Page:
Tuesday, July 22, 2008

Tiny Bubbles

Bubble Fusion Researcher Charged with Misconduct: Scientific American

This is s pretty good article on the Taleyarkhan scandal. Fortunately SciAM gets it right and identifies Taleyarkhan as an engineer, rather than as a physicist. This is what ASEE did in it's daily news digest "First Bell" yesterday, running a report from the Los Angeles Times that made the same mistake. I sent an email to the LA Times reporter who wrote the story, but no reply - hopefully mine was not the only email he received.

I can understand an engineering organization like ASEE not wanting to identify this guy as an engineer. And I do not want to pretend that improper professional behavior has not happened in physics. We recall the famous cases of recent years, the fraudulent claim of discovery of element 118 (which was later legitimately discovered) and the Schon case at Bell Labs. These two cases caused the APS to go into full frantic mode and pushing professional education in physics curriculum and a number of other remedies.

But there are some differences here. In the Ninov case (element 118) there was every reason to believe that the result was plausible - indeed the element was eventually seen, including by some of the researchers who had worked with Ninov. The Schon results, although remarkable, seemed plausible as well. It took a young professor named Lydia Sohn to carefully compare papers and to document that the same plots were being reused with different labels (she gave a talk about this at the 2004 Sigma Pi Sigma Congress).

This case smelled bad from the beginning. Most physicists hearing about sonoluminescence-produced fusion were immediately skeptical. It was too far out and seemed to violate Sagan's Razor: Extraordinary Claims Require Extraordinary Proof. My guess is that Science would never have published it, except for the claim of confirmation from other groups, confirmation which we now know did not happen and which Purdue cited has scientific misconduct in their review.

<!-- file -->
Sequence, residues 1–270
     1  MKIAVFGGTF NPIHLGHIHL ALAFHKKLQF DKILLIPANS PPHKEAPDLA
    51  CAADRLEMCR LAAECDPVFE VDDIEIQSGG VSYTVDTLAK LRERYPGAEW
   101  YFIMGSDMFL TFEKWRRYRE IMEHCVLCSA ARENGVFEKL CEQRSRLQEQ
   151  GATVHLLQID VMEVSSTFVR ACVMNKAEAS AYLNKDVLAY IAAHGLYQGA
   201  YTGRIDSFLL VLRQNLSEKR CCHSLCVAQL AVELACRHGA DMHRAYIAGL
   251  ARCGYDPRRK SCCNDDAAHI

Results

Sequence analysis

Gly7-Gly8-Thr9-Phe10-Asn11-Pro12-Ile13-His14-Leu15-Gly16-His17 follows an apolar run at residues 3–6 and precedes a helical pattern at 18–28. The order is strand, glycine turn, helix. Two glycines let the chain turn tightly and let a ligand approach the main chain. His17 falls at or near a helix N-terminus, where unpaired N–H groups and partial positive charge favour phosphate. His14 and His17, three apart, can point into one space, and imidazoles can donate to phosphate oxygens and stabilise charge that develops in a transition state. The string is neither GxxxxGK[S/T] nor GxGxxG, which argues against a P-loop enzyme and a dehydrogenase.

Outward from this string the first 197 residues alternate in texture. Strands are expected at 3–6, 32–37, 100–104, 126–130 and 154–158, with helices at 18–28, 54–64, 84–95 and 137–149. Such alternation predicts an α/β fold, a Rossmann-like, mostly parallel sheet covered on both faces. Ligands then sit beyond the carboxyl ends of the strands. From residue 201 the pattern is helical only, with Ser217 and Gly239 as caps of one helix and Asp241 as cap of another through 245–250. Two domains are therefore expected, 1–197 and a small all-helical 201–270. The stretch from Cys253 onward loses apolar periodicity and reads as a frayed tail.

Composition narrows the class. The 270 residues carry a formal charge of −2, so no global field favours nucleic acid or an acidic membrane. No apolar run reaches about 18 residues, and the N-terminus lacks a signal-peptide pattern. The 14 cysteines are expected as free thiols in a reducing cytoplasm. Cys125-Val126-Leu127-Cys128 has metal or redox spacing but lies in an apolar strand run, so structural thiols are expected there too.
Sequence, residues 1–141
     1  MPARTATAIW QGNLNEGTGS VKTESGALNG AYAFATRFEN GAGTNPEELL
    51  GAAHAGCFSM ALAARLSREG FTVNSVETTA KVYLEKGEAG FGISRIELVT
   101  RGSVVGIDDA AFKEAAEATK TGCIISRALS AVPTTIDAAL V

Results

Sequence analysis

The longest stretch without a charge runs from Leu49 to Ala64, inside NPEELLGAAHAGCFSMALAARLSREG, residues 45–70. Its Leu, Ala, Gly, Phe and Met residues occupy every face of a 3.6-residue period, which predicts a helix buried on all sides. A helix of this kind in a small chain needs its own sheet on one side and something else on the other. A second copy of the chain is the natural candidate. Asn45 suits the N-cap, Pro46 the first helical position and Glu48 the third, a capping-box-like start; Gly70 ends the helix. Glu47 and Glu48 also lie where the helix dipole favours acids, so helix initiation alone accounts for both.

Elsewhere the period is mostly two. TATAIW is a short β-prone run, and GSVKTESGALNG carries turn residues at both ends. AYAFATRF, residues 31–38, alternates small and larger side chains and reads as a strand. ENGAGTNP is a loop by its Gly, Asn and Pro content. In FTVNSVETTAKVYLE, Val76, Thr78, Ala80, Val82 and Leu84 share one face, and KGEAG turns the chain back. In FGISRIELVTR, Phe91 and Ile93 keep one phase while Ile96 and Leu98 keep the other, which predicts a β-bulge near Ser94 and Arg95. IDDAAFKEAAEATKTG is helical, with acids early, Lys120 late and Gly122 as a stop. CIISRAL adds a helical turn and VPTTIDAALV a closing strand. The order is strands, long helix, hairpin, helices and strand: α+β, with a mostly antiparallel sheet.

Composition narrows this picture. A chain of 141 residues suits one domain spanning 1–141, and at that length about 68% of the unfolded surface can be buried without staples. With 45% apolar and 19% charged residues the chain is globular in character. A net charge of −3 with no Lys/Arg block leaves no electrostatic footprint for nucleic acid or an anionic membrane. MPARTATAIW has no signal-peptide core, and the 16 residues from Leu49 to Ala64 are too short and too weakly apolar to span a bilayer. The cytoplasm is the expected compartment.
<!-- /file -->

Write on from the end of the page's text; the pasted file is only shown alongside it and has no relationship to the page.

Although I should probably not raise this question in this context, I have to wonder: Do engineers approach research differently than scientists? Do the two professions, while using the same language of experimentation and similar methodologies, place different weights on what passes for verification and confirmation? I know an engineering professor, a very good guy who I will not name, who seems to be only interested in proof of principle: If he gets a device working once, then the project is done. Systematic studies for others - he has moved on to the next topic. Is this an individual trait, or is this behavior widespread among our research engineering cousins? As engineering students get less exposure to basic science (at a time when they really need more science) will the perception of research methodology between science and engineering (continue to?) diverge in the future?

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